“We’re just going for a walk down the hill.” As he passed by me, I saw a sense of pride and almost playfulness in the father’s eyes. He seemed to relish going for a walk with his daughter on a beautiful spring day in Achham. I had met his daughter, sixteen years old, on the inpatient ward here a few days before. They had travelled over 36 hours to reach Bayalpata Hospital. She had suffered progressive weakness over the course of a year to the point where she could not walk and where the use of her hands was becoming increasingly difficult. This was the first time she had sought medical attention.
On our examination, she had diffuse spastic paraparesis throughout both her arms and legs, tongue fasiculations, and otherwise normal sensory, cerebellar, and cognitive functions. She had no lymphadenopathy or organomegaly. She was severely wasted from malnutrition. All of this seemed most consistent with an Upper Motor Neuron disease such as an early form of Lou Gehrig’s disease, though definitive diagnosis of that was far beyond the capabilities of our modest lab. X-rays of the spine and lungs, sputum and skin tests for tuberculosis, complete blood counts from our QBC machine, chemistries from our i-Stat machine, liver function tests, ESR, HIV, Hepatitis B, were all unrevealing as to a source. We thus planned to have her seen in Nepalgunj (about fifteen hours away), where she could receive additional testing. The travel and medical costs would surely amount to over a year’s income for his family. Most importantly, given it was quite likely that this was a progressive, relentless condition without specific treatment, she would see a specialist to help fit her for a walker and provide other exercises. For the severely disabled in Far Western Nepal, living—and dying, which appears quite likely in the next few years for her—with dignity is a tragically unjust challenge.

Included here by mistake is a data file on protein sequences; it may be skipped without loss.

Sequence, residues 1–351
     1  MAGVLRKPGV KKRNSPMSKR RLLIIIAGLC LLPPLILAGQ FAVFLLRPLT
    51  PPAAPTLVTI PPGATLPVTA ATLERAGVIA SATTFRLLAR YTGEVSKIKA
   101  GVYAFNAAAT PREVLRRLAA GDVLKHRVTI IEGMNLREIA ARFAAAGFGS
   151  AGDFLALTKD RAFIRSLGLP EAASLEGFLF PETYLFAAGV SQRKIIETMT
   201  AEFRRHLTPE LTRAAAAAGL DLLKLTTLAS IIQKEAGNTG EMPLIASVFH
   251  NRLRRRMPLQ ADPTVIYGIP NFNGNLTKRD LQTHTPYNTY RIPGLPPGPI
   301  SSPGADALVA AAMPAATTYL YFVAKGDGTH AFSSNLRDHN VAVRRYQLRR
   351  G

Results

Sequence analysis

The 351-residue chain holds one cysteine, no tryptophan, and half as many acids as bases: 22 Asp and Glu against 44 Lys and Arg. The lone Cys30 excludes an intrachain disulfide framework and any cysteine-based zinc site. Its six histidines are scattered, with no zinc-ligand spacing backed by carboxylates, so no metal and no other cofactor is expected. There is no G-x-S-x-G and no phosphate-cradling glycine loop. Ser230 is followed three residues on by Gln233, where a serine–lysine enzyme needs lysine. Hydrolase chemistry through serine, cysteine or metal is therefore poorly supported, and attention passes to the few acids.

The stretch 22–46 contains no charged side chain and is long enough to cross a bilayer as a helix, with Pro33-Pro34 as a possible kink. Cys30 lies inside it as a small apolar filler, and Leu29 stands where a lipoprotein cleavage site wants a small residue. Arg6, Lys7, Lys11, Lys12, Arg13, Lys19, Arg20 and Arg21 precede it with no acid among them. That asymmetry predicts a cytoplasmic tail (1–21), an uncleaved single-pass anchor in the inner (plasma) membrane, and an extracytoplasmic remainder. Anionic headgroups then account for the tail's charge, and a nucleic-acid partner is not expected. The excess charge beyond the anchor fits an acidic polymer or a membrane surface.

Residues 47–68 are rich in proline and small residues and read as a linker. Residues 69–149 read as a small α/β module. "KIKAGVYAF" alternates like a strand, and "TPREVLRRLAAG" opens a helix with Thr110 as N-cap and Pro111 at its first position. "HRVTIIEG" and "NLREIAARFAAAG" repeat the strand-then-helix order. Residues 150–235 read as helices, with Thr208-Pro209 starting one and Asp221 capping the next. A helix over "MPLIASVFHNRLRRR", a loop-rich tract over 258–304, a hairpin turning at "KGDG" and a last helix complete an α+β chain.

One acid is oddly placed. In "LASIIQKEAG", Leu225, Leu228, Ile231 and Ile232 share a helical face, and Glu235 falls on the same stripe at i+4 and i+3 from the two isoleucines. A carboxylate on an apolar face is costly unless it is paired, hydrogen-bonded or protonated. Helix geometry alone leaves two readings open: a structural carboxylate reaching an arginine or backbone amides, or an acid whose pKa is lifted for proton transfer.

So it was that going for a walk with his daughter meant hoisting her gaunt frame on his back. Watching her father carry her joyfully down the hill, himself barely five feet tall, I thought of the challenges ahead. The bed sores, the pneumonias, the contractures, the frustrations of a body whose muscles are failing—all for a family whose nearest hospital was a day and a half away and who could ultimately offer them so little. I thought, selfishly perhaps, of my own sons, of that sense of wonderment I feel in Anand and Umed when they ride on my back. As he disappeared over the ridge, I could only hope to have the strength of that girl’s father, a man who had given me the honor of being his daughter’s physician for a brief moment in their long walk together.
Duncan Maru, MD, PhD is the co-founder of Nyaya Health. He is currently a resident in the Internal Medicine – Pediatrics program and fellow in Global Health Equity at Brigham and Women’s Hospital and Children’s Hospital of Boston.